This of course poses a HUGE barrier to fraud in our state, at the discretion of the court and common jury. Think about it. It is very useful today as it was in Indian Territory.

chris

The fact is, all facebook users deserve this. They've been warned again and again. Facebook has violated their privacy again and again, and the 'users' still use it. Until they vote with their feet, it will keep happening.

Whenever I'm asked by family, friends etc, I myself have personally told them all the bad things facebook can do and has done in the past, only to end up telling them again months later when another facebook scandal hits the net. Partly because they have the memory of a goldfish and they've forgotten it before the next day, but mainly because they stupidly think that what I tell them must be blown up out of proportion and facebook wouldn't really do that to them, would it?

Look at the fools referred to by the article. It says _fortunately_ they had a sense of humour about it. How is it fortunate? it is fortunate for facebook. it is unfortunate for all the other millions of users that these idiots just roll over and laugh it off.

And every time you let these companies get away with it, you reinforce the pattern and make it more 'acceptable'.

Mathieu Plourde

Is it bad if I don't care if advertisers use my pictures? I have posted loads of pictures to Facebook and Flickr, gave them a Creative Commons license so that others can use them, and I don't expect to ever get famous or rich because of them.

In my opinion, If you don't want your pictures to be used, don't let them be seen on the Internet. If you do want them to be used, license them, make sure people who used them respect your CC license, and deal with corporate pirates IF necessary.

Anonymous

if your ad settings page is empty, try disabling your adblocker temporarily and reload the page.

Anonymous

If you don't like Facebook's Terms of Agreement, don't use Facebook. Period.

Facebook Ads

This is all growing pains - while building out the next generation ad platform, facebook is bound to hit some bumps in the road. Not all of the initiates it takes will go over well with their users -- but as long as they listen & make changes as it users requests them, they will have a bigger ad product than google adwords.

im following the development of the facebook ad platform over at http://facebookads.net

Ivan Kresic

The worst thing about Facebook is that they can do with your personal data whatever they want, and even make money off you and won't even share. Now that's just not fair lol

AJ

I have a question about Facebook pictures from groups and friends that are associated with my facebook account.

If they allow me to few the pictures, do I have the right to use them, or copy them off of Facebook and post them in a blog or on my personal website?

I would like to use some of the photos, but dont want to be sued by any of the people in the future...

What about the GOVT, which has several groups where they post pictures. Most of the military websites are PUBLIC DOMAIN, which means under the FOIA act you have the right to take any of the pictures or news from any GOVT website. How does this apply if they have started using Facebook as a means to disseminate the information.. Would this still be considered under the FOIA act, and information act? Thats my main objective, is some of the govt groups which post massive amounts of pictures, and news. Can I use their pictures, like I would if they were posted to a .gov or .mil domain?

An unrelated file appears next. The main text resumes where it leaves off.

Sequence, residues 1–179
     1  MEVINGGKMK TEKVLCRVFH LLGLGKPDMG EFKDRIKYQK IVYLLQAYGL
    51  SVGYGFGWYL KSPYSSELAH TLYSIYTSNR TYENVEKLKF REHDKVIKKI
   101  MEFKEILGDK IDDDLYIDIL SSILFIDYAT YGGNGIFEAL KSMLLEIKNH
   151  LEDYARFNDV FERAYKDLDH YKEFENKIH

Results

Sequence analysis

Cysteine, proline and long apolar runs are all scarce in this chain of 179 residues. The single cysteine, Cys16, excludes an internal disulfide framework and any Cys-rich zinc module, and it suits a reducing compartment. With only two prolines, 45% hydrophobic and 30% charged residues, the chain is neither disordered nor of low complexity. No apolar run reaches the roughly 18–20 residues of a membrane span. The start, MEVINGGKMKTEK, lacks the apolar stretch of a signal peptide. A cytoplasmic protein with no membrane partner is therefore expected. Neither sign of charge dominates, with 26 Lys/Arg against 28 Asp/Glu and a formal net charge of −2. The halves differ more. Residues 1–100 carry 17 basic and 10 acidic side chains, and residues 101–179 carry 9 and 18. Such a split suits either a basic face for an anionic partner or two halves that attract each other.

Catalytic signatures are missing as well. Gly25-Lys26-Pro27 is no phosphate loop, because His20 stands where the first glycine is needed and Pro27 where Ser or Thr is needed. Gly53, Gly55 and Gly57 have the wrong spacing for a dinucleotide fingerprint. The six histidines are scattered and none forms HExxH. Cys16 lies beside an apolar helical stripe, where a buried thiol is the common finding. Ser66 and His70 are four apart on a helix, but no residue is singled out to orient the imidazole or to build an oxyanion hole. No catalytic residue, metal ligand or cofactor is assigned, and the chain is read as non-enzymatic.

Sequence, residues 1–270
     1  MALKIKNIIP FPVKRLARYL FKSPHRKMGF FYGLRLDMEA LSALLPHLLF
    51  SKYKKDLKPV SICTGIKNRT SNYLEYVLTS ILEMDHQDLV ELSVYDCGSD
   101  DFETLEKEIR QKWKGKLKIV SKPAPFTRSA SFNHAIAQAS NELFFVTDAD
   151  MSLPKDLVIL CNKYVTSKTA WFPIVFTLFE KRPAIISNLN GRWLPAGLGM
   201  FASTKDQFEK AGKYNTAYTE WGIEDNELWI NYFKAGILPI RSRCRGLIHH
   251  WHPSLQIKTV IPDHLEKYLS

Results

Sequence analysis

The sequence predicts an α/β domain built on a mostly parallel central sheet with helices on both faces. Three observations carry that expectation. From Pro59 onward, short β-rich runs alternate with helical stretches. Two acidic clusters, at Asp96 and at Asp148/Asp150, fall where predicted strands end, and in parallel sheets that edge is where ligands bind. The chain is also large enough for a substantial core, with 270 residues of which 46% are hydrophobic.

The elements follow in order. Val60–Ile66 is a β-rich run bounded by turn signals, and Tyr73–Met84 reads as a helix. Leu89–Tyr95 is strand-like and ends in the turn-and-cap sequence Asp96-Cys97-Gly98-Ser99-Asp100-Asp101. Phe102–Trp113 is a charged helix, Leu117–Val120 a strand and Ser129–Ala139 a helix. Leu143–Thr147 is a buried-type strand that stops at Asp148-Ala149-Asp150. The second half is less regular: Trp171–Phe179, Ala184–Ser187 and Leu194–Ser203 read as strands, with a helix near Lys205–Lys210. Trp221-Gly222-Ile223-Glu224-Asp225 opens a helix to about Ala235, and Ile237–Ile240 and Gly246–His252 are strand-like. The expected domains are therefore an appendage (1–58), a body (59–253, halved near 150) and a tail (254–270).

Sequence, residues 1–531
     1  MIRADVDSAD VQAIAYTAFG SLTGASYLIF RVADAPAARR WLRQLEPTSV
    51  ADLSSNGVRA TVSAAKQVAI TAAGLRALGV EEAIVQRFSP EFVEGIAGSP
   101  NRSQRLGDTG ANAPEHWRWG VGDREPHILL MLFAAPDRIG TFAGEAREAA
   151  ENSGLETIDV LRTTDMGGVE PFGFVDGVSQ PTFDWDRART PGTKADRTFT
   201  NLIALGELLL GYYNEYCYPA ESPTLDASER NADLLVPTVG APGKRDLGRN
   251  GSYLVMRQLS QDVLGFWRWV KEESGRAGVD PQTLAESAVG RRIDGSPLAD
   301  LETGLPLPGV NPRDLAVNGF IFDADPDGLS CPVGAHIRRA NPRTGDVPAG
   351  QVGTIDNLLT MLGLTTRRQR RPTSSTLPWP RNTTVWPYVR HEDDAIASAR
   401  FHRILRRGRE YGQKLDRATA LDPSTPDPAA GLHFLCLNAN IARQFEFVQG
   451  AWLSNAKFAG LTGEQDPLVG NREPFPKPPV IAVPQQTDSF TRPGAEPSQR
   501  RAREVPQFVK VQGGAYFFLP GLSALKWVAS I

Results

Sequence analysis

Kresho

This is disturbing info :S

How To Advertise On Facebook

I wasn't shock to see it but disappointed, when we allow applications access, we apparently sign off on them using our images. Unbelievable! Thank you for taking the time to bring this to our attention.

Maureen

The author suggests that we not put embarrassing photos up on FB, but what about tagged photos that other people put up? My husband recently lamented, "Someone can put up a picture of a penis and tag my name to it." I have had to spend time untagging myself in the past. I've been tagged on pics of my nephew, with about eight other people, because that's how his mother delivers these pics to us. They go in our profile that way, even though there's only one person in the photo, there can be eight tags. I have little control, then. I've also run into problems where people who are apparently still in grade school get upset when I and a few others are in a group photo with one half of an ex couple or something. It gets to the point where people are afraid to have their picture taken. It's ridiculous!

Anyway, I hate tagging, and I don't even drink or urinate in public or anything. It might just be a bad picture, or I didn't want to hurt someone's feelings and refuse a group photo at a charity event or something because I knew I'd never hear the end of it or (gasp) I'd be unfriended.

Le sigh. FB is dangerous in PA hands, maybe we should all jump on a different bus?